Academic journal article The American Journal of Economics and Sociology

A Simple General Test for Tax Bias

Academic journal article The American Journal of Economics and Sociology

A Simple General Test for Tax Bias

Article excerpt

The method here is to infer the biasing effects of taxes from their differential effects on present values of rival uses for land. A local tax jurisdiction is an open economy. Our simplifying premise is that arbitrage equalizes all after-tax rates of return on new investing, at levels determined in world capital markets. Labor is free to come and go, and product prices are set in world markets. Given those premises, all taxes are shifted to land, the only factor fixed in an otherwise open economy; tax jurisdictions are defined as fixed areas of land.

Using these premises lets us devise a simple test for tax neutrality. (1) Treat net present value derived from a land improvement as a residual, and impute this residual value to land. Find algebraically the ratio of after-tax land value to before-tax land value. If the ratio is simply (1 - t) (where t is a tax rate), the tax is neutral--the highest and best use of land after tax is the same as that before tax. (2) The ratio (1 - t) is independent of any parameter the landowner controls. The tax base on marginal land must be zero, lest the land be sterilized. (3)

The simplicity of this technique allows for complexity in the applications, without losing any threads in tangles of detail. We can analyze or just inspect many parameters in the ratio to find what specific avoidance maneuvers a tax will induce and to estimate what excess burdens will result. In this paper, we analyze effects on substitution of capital for labor and for land, including effects on capital turnover and frequency of site renewal. We analyze differential effects on different grades or qualities of land. We can also show how to find revenue-neutral tax rates, when tax A is substituted for tax B. We can point toward dangerously snowballing "Laffer-curve effects" and how to minimize them by selecting more neutral kinds of taxes.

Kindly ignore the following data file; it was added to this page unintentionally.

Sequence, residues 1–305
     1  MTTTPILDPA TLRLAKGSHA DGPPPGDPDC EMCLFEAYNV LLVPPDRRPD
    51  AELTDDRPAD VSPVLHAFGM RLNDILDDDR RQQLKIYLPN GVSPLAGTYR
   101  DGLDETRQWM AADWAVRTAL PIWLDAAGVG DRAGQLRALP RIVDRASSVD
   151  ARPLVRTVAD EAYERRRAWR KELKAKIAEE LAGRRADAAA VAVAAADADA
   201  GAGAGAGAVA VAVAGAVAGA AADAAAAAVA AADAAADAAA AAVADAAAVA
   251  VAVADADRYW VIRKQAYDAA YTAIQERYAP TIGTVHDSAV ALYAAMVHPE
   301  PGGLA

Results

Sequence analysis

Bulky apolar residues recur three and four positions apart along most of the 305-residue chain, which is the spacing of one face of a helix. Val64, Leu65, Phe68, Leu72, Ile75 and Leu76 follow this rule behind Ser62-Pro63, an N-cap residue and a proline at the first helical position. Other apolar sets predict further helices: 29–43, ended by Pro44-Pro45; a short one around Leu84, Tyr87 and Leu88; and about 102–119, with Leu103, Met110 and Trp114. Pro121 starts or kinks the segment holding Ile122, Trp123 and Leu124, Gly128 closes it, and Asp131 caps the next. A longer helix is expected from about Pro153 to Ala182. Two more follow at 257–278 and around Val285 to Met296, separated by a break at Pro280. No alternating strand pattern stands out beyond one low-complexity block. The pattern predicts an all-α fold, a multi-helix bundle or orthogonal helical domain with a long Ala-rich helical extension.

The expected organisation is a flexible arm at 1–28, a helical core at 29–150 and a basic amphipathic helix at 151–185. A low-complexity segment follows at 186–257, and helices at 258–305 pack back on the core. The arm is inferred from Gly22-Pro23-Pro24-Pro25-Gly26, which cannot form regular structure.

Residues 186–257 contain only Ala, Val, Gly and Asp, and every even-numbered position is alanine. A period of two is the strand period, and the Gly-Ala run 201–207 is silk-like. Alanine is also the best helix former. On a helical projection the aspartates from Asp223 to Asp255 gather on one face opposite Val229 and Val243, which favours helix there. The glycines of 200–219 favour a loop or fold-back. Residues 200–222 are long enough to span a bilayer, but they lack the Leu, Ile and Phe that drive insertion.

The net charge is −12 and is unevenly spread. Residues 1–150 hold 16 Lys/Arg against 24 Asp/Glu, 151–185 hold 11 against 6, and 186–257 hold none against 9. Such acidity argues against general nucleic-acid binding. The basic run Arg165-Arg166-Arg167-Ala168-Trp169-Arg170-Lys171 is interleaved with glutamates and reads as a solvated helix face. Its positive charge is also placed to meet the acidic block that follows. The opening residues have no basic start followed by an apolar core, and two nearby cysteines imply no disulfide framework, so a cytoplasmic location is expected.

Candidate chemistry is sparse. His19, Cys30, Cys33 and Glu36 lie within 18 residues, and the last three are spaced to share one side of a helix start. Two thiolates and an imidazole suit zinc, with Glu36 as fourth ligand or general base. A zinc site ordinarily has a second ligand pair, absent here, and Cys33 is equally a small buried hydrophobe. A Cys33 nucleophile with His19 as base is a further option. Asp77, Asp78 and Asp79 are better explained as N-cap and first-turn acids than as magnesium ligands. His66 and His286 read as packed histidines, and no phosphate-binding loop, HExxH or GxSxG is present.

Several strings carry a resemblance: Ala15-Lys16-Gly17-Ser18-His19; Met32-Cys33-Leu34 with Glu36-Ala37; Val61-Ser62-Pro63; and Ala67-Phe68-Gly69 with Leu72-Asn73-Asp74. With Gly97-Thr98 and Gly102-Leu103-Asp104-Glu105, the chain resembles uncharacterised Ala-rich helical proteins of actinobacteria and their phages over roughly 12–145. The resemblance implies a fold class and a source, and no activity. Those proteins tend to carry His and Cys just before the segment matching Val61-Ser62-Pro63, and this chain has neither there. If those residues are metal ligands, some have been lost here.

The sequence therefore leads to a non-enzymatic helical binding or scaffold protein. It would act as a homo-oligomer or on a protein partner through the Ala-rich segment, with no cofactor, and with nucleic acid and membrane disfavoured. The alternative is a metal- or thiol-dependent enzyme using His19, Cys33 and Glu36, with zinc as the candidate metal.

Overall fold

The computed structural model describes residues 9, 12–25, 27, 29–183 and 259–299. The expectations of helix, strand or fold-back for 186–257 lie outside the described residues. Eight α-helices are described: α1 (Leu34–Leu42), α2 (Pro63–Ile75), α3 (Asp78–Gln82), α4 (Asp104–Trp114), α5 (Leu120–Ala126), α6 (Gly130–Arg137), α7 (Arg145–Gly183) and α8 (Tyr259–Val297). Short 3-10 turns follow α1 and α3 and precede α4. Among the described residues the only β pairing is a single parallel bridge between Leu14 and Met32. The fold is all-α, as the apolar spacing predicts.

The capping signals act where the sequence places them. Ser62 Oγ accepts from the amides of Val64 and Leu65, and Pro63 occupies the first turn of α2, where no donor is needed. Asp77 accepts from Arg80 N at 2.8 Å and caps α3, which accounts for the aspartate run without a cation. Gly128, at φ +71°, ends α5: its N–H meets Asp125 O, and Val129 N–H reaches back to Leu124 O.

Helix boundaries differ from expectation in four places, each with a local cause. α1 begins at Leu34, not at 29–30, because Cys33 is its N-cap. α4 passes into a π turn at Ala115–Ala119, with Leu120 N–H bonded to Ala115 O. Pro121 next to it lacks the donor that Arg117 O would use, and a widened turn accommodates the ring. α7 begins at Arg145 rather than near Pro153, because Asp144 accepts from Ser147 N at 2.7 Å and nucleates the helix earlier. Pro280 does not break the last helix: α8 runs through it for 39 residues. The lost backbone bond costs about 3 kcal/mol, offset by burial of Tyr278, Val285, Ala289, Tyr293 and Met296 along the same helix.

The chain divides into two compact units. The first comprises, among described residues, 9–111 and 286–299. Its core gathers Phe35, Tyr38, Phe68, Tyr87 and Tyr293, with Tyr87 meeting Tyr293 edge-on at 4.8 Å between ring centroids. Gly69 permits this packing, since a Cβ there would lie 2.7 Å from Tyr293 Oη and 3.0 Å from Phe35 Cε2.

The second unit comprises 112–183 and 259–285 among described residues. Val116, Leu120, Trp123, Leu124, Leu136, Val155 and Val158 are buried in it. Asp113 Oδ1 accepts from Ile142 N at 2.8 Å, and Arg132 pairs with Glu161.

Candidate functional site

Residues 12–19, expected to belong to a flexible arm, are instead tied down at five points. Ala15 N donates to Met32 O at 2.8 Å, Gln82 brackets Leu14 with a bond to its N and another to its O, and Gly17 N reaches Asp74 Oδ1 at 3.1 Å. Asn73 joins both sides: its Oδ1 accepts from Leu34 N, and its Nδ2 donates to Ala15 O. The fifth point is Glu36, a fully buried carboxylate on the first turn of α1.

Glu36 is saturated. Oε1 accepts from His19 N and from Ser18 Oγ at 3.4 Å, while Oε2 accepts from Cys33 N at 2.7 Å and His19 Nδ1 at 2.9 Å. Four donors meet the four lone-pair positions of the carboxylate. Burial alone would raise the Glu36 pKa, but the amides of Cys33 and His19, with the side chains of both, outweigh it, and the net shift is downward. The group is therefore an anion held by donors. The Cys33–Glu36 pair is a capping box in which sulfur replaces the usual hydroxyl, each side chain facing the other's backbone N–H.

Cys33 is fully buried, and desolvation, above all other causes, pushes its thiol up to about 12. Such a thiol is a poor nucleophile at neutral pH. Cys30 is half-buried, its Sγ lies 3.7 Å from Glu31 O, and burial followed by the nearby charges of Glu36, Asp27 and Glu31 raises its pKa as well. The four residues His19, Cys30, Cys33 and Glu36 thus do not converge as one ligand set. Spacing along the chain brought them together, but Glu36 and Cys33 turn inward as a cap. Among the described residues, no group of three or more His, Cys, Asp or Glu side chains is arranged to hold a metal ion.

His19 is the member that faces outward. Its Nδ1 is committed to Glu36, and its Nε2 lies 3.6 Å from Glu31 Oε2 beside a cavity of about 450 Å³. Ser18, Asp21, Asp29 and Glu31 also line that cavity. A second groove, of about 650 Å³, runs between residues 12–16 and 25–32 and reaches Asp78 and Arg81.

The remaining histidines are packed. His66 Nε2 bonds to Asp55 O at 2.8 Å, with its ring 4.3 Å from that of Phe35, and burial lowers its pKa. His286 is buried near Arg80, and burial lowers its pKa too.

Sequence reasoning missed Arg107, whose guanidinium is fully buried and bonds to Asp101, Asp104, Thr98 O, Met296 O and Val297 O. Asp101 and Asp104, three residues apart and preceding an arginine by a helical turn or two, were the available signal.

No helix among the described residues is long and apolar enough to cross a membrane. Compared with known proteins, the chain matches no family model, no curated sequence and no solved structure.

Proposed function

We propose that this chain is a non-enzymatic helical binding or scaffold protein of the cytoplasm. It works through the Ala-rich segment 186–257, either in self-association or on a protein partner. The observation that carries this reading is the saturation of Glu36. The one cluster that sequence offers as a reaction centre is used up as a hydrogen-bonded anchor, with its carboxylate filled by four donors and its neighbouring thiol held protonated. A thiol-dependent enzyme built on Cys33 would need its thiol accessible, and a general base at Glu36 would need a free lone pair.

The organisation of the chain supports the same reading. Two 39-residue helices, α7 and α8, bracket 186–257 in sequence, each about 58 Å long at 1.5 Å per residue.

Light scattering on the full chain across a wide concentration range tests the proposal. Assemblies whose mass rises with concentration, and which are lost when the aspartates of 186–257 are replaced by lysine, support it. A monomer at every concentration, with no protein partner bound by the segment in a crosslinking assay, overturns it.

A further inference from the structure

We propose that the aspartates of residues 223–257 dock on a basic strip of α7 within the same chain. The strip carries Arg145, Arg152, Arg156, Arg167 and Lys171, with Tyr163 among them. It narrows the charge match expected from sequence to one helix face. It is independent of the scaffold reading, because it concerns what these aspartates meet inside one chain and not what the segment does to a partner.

The present study uses timber culture as an example because this enables a simple analysis, along with continuous grounding in reality. Timber is a good allegory for all other forms of investment. It occupies 32 percent of the private land area of the nation and is weighty in its own right (Daugherty 1995). This short paper does not treat other kinds of capital explicitly, but does explain a simple means of modifying the analysis to do so. The writer has published the relevant mathematics elsewhere (Gaffney 1976a, esp. Appendix I).

One distinguished commentator, Gordon Tullock, has suggested orally that this is Georgist tax theory restated. He is partly right, partly wrong. The findings are consistent with Henry George's ideas about the neutrality of taxing land values. However, George had no capital theory except an error-ridden one that no one cares to remember, while the present paper deals mostly with durable capital.

I

Harvest or Yield Tax

"YIELD" TAXES ARE IMPOSED on the harvest value of timber ("stumpage"), net of harvest costs, but gross of up-front capital costs. The tax rate is flat, at rate t. The taxable event is timber harvest. Yield taxes are widely believed to be neutral because the growth rate of stumpage after tax is the same as it is before tax. Our analysis is more comprehensive, however, considering the whole investment cycle, and finds a heavy bias. First, we set up the model:

S = site value from discounted cash flow (DCF) absent taxes

R = revenue from "stumpage" (sale value net of harvest costs) at maturity (year "m")

m = maturity (years from planting to harvest)

i = relevant interest and discount rate

t = tax rate applied to the base "R" after m years

P = planting cost, year zero

One may incorporate intermediate costs and revenues in the model without disturbing it, either by compounding them forward to year m (where they are commensurable with "R"), or by discounting them to year zero (where they are commensurable with "P"). …

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